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Publication numberUS2298195 A
Publication typeGrant
Publication dateOct 6, 1942
Filing dateJun 21, 1940
Priority dateJun 21, 1940
Publication numberUS 2298195 A, US 2298195A, US-A-2298195, US2298195 A, US2298195A
InventorsClark Earl K, Lee Paul R
Original AssigneeWestinghouse Electric & Mfg Co
Export CitationBiBTeX, EndNote, RefMan
External Links: USPTO, USPTO Assignment, Espacenet
Thermostat
US 2298195 A
Abstract  available in
Images(2)
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Claims  available in
Description  (OCR text may contain errors)

. t- 1942- E. K. CLARK EIAL 2,298,195

THEHMOSTAT 2 Sheets-Sheet; 2

Fi led June 21, 1940 f6 msuumorq 4 30 Z 75 54 WITNESSES:

INVENTORS far/ K (702% and WM aa/A Lee.

A-TTORNEY Patented Oct. 6, 1942 UNITED STATES PATENT OFFICE THERMOSTAT Earl K. Clark and Paul R. Lee, Mansfield, Ohio,

assignors to Westinghouse Electric & Manufacturing Company, East Pittsburgh, Pa., a corporation of Pennsylvania Application June 21, 1940, Serial No. 341,624 9 Claims. (01. 200-122) Our invention relates to snap-acting devices and more particularly to a snap-acting bimetallic thermostatic device.

An object of our invention is to provide a bimetallic thermostat having positive acting cooperating contacts which are free from any tendency to creep open or closed.

A further object of our invention is to provide an adjustable thermostat which has a small temperature differential, and which is capable of handling a large quantity of power, say, at least 2000 watts at 110 volts or 220 volts.

Another object of our invention is to provide a relatively low cost, rugged snap-acting thermostat which may be adjusted to any desired operating value and which has a switch action so that an operator can manually open the electrical circuit passing therethrough.

Other objects of our invention will either be pointed out specifically in the course of the following description, or will be apparent from such description.

In the accompanying drawings:

Figure 1 is a top plan view of the device embodying our invention;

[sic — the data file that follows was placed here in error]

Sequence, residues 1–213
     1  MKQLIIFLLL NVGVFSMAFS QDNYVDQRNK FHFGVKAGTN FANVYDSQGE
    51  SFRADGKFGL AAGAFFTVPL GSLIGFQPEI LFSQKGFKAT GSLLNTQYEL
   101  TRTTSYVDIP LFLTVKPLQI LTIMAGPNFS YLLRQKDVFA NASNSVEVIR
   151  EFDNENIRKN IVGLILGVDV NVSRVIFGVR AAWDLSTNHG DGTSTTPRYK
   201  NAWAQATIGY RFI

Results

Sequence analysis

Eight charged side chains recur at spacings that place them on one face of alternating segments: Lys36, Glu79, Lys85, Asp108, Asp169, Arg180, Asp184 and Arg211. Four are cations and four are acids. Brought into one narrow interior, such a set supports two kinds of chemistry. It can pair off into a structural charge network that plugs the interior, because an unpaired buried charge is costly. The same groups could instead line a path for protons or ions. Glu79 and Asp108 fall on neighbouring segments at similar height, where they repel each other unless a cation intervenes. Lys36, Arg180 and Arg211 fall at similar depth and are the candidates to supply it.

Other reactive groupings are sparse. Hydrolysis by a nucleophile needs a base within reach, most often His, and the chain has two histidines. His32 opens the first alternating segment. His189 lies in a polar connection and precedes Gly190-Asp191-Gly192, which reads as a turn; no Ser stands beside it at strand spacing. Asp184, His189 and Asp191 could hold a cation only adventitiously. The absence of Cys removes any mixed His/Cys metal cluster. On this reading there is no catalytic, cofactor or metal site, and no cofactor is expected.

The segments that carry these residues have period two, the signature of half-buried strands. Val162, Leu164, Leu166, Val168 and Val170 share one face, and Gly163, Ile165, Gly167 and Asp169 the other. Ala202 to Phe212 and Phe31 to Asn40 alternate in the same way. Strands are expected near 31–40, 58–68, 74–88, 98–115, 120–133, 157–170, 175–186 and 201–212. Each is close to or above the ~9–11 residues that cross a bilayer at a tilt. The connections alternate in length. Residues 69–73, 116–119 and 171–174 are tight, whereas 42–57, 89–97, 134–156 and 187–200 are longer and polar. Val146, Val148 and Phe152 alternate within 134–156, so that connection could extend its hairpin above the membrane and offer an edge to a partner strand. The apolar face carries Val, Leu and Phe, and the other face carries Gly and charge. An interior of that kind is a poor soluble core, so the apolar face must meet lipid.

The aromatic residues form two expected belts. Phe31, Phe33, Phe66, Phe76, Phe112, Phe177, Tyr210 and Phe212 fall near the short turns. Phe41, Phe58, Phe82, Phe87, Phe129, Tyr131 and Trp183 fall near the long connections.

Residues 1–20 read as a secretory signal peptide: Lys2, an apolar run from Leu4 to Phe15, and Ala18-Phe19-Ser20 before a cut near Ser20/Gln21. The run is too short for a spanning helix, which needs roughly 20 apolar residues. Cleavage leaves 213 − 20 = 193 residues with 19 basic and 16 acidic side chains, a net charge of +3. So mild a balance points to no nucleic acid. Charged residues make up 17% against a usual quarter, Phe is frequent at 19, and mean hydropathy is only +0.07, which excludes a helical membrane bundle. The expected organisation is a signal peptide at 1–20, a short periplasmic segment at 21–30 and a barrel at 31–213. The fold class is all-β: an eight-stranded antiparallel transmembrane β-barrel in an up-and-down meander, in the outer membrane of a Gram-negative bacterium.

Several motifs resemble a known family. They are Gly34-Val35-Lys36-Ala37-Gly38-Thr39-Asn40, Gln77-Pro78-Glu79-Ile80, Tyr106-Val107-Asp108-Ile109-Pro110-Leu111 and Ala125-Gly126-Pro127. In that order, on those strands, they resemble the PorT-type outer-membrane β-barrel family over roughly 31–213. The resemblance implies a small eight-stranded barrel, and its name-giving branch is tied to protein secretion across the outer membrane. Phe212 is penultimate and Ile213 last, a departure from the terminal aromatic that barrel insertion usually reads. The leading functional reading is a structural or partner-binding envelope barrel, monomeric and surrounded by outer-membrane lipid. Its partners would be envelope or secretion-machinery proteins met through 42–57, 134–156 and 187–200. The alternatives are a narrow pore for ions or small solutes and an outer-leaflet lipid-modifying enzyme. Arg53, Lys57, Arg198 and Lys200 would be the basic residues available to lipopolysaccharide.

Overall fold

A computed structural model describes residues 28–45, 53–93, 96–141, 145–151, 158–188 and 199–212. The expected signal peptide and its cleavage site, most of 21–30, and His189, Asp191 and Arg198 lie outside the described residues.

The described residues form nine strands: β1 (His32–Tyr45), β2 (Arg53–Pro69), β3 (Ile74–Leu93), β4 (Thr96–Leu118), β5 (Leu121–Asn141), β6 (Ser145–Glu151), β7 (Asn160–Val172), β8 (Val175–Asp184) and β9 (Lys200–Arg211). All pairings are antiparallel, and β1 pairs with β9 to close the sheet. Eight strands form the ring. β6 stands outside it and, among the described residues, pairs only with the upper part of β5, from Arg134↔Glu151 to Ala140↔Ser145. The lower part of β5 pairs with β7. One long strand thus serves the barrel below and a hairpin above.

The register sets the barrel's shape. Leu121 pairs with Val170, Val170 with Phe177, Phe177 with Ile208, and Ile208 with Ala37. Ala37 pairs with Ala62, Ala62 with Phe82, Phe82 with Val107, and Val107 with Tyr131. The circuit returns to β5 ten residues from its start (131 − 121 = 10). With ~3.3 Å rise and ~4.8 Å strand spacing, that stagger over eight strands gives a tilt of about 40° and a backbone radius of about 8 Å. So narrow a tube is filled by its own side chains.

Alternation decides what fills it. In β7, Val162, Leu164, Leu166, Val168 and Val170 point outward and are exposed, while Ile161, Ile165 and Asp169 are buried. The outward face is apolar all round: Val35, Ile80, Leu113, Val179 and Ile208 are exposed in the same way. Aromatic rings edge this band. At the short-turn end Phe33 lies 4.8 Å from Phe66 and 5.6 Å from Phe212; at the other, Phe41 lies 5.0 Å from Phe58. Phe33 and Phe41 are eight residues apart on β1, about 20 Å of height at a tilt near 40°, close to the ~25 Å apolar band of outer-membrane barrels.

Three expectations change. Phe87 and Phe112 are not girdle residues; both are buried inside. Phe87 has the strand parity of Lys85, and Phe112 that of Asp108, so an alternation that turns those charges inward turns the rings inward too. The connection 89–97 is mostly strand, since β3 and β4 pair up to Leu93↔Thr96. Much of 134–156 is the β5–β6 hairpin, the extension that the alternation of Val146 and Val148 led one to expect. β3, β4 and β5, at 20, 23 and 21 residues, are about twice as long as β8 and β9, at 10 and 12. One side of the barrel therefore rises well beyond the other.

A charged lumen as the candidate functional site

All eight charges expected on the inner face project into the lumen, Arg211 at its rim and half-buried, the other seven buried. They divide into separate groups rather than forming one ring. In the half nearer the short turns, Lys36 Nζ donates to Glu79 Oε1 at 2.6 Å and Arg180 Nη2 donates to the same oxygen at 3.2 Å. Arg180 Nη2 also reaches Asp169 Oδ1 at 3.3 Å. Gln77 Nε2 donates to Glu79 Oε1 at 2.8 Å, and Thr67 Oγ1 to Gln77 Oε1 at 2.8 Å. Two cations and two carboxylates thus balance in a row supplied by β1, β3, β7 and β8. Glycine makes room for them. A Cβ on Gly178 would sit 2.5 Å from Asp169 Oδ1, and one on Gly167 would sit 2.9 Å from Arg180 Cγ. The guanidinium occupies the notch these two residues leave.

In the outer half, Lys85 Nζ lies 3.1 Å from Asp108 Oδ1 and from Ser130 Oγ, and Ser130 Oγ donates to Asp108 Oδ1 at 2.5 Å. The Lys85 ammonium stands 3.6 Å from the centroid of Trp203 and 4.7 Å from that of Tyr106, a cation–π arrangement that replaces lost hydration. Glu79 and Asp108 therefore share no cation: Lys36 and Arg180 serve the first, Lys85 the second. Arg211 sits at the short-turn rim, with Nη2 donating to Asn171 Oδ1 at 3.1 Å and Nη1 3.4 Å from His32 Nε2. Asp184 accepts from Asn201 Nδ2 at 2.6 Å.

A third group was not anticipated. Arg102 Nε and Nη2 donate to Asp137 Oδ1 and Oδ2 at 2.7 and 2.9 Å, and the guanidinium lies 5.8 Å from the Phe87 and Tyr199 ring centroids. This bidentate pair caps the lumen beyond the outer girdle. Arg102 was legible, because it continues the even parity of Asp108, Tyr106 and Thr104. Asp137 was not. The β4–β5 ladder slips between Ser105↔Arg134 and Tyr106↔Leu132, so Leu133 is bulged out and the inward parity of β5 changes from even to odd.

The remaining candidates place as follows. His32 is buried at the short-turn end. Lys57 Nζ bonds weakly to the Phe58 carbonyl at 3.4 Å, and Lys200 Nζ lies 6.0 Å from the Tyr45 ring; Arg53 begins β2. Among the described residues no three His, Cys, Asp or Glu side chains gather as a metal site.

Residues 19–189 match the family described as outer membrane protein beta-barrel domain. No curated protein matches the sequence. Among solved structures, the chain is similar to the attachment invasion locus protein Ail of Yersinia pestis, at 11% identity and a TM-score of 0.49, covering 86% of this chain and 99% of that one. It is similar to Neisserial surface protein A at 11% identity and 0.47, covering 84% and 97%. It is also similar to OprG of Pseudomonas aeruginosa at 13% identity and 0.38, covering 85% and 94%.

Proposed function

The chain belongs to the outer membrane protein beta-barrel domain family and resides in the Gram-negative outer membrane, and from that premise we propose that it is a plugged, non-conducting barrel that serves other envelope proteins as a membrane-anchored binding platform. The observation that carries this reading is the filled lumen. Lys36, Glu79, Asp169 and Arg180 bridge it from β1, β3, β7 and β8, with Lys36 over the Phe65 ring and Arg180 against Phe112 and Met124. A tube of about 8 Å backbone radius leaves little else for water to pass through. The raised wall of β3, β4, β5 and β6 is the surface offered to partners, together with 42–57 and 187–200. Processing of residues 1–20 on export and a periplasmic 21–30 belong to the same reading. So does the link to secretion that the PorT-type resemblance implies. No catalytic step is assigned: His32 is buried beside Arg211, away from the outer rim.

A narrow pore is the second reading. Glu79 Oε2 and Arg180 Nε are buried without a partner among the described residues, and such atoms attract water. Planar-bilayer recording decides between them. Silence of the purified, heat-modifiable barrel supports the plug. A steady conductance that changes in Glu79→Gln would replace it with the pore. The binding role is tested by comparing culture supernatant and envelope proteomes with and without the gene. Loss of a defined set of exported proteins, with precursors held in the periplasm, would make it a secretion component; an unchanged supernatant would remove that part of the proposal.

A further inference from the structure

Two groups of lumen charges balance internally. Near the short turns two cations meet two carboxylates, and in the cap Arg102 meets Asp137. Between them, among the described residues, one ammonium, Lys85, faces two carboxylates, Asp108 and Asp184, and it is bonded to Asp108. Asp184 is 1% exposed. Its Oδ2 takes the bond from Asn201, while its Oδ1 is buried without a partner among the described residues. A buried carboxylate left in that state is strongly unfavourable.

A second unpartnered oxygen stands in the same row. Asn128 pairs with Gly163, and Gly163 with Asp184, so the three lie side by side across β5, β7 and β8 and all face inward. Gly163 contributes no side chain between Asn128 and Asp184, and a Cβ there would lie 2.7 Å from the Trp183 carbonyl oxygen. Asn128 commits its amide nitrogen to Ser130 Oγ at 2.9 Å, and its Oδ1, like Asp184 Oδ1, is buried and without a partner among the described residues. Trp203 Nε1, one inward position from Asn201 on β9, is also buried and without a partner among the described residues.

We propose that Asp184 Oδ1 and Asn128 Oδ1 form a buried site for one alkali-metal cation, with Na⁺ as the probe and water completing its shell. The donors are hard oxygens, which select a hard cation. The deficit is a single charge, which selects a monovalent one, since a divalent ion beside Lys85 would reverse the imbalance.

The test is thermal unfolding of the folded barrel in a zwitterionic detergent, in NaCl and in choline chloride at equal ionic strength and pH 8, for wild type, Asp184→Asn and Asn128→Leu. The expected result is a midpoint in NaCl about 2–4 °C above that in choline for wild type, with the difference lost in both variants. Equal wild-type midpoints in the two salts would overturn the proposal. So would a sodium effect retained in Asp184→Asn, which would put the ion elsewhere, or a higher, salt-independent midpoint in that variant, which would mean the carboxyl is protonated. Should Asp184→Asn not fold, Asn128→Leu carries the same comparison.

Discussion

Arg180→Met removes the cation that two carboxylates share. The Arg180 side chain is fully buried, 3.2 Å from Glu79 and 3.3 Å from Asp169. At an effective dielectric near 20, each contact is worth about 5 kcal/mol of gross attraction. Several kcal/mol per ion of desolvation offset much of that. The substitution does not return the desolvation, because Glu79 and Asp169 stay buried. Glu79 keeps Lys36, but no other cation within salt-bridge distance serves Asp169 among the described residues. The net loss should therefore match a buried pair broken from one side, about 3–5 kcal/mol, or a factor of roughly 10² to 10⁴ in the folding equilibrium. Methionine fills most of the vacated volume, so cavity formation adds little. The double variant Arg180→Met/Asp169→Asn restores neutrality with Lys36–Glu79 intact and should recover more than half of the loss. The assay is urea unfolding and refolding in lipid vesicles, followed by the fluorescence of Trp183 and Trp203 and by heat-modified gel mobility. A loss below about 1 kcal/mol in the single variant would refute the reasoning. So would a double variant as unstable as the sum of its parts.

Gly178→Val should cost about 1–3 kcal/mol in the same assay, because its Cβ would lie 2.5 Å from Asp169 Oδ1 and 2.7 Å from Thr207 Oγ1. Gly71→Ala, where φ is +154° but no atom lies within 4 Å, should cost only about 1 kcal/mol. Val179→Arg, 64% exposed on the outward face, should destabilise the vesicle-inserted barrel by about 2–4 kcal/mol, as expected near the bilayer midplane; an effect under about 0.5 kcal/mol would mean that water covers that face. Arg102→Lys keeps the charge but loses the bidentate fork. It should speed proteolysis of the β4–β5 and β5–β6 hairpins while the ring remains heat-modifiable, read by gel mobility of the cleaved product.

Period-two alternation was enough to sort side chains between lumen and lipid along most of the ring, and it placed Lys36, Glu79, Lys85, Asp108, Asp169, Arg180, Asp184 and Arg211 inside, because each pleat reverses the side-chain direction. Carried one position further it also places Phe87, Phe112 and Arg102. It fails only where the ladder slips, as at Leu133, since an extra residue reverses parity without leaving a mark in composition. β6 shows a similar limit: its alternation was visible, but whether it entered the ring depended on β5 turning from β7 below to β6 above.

Figs. 2 and 3 are side elevational views of the device shown in Fig. 1 in its closed or operative and its open or inoperative positions, respec tively;

Fig. 4 is a plan view of a portion of the device embodying our invention;

Fig. 5 is an end and partial sectional view of the device shown in Fig. 2;

Fig. 6 is a sectional view taken along the lines VIVI of Fig. 2; and

Fig. 7 is a sectional view taken along the line VII-VII of Fig. 1.

Referring to the accompanying drawings, in which like reference characters indicate like parts in the several figures, we show a thermostatic device ID comprising a supporting struc ture I2, a bimetallic heat responsive element M, a movable contact arm member IS, a hoolnlilre member I8 cooperating with the bimetallic element l4 and contact arm NS for moving such arm in response to the movements of such element [4, a radiant heating element 20. cooperative movable and stationary contacts 22 and 24, respectively, and an adjusting member 25 rotatably attached to the supporting structure l2 and engaging the bimetallic element l4 so as to adjust the movements thereof.

The supporting structure l2 comprises, in this instance, a substantially flat metallic platedike member which is adapted to support and maintain the various operating parts of the device embodying our invention. However, it is to be understood that any other suitable supporting structure may be used in lieu thereof. A plurality of upstanding posts 28 are positioned along a transverse line of the supporting structure [2 and are rigidly attached thereto by suitable rivet members 30. The posts 28 .and rivets 30 are adapted to support the bimetallic element 14, as hereinafter described. A relatively small post 32 is rigidly attached to the supporting structure near posts 28 and preferably along the longitudinal axis of the plate like member. Post 32 has an annular groove 34 formed within the upper portion thereof for receiving and flexibly or fulcrumly retaining one end of the contact arm 16, as hereinafter described. In addition, an internally threaded sleeve member 36 is rigidly attached to substantially the central portion of the supporting structure 12 for retaining the adjusting member 26 as hereinafter described. Furthermore, there is a small threaded aperture 38 positioned within the structure l2 for retaining an adjusting stop screw 40, see Figs. 6 and 7.